My Favorite Movies – Black Rock (2013)

14 Dec

By Tanner Smith

Three girlfriends go camping on an isolated island and guess what–they’re not alone. That’s the setup for the tense and well-executed thriller “Black Rock,” which mixes both mumblecore and bare-bones genre filmmaking flawlessly. Who cares how limited resources were for making this film when there’s such skill and craftsmanship, not to mention an appealing cast of protagonists to root for, involved?

Directed by and co-starring Katie Aselton and written by her husband Mark Duplass, “Black Rock” features three women (Aselton, Kate Bosworth, and Lake Bell) who decide to rekindle their childhood friendship by escaping to their favorite place from growing up: an island off the coast of Maine. Two of the friends (Aselton’s Abby and Bell’s Lou) aren’t on good terms due to a betrayal from long ago, but the third and ringleader of the trio (Bosworth’s Sarah) manages to keep the peace (for a little while, at least).

Right off the bat, all three actresses are extremely believable in their roles. I buy them as friends, their dialogue rings true, they share unique chemistry, and they’re a cut above your standard thriller movie characters. (Aselton, in particular maybe because she also directed the film, stands out with real charm as a comic actress early in the proceedings–but her emotional moments late in the film are effective too.)

Not long after they’ve set up camp, they find they’re not alone, as three hunters (Will Bouvier, Jay Paulson, and Anslem Richardson) happen upon them. They recognize one of them from way back when, so they figure they’ll spend some time together, catch up, get a little drunk, and have a good time…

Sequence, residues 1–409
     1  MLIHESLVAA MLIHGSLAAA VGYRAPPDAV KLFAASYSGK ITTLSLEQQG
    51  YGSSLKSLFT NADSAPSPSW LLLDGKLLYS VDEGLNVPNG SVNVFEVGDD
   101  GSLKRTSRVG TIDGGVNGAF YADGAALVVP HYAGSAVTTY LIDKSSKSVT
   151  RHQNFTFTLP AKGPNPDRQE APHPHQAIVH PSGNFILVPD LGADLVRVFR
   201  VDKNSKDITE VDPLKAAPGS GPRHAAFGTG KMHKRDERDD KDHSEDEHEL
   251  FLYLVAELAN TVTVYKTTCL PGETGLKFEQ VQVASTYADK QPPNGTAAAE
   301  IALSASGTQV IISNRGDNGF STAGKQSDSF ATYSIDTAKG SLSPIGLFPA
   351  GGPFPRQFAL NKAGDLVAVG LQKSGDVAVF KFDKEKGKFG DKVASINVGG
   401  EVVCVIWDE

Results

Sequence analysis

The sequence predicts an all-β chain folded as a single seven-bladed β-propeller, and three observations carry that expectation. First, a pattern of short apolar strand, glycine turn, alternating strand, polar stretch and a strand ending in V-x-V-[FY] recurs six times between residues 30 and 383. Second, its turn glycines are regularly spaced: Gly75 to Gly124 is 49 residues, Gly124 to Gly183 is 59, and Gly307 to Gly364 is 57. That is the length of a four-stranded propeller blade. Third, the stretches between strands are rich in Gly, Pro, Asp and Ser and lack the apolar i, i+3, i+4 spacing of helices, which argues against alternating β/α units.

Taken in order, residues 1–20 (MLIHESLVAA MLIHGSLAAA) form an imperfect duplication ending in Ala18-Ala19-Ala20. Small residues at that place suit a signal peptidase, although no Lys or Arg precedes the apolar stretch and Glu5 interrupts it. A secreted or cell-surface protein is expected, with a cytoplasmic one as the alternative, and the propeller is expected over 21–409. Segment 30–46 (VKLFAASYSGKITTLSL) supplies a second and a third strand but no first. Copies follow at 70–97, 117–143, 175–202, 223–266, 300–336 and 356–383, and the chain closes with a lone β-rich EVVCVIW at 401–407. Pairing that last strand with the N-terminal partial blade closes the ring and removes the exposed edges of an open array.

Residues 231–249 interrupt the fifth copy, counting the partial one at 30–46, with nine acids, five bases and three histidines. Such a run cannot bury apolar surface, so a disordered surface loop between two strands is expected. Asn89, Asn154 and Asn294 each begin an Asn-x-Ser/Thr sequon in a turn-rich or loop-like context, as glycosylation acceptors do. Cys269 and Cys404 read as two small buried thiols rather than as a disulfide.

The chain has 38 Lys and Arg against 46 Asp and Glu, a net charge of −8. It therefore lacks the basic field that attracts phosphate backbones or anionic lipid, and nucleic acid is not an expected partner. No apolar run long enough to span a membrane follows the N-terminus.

It doesn’t turn out that way.

Without giving away specifics as to how this came to be, all three women are now threatened with death by these gunmen (who, by the way, were in the military and have served numerous tours overseas), who plan to hunt them through the woods and kill them. A bit of “Deliverance” mixed with a bit of “The River Wild” mixed with a chilling and tight script from Duplass help make the back half of “Black Rock” effectively thrilling. What also helps is that by then, I’ve come to know the key characters and root for them to take some control of the horrific and grisly situation. Thankfully Sarah, Lou, and Abby aren’t completely helpless nor are they invincible superheroines–they feel like real people thrust into a world they didn’t make.

But when the chips are down, they do prove to be worthy badasses. An interesting theme “Black Rock” keeps is one of the power of friendship, as cheesy as that sounds. Each group, of the heroes and the villains, is loyal to each other and that’s what motivates their actions.

Oh, and while keeping this spoiler-free, there is a scene in which Lou and Abby strip naked in the woods at night–but this scene isn’t gratuitous; there’s a reason for why they’re doing this.

You know how they say don’t go camping in a horror movie? Well, how can you know you’re in a horror movie unless something terrifying happens while you’re camping? That’s essentially the mindset of the movie.

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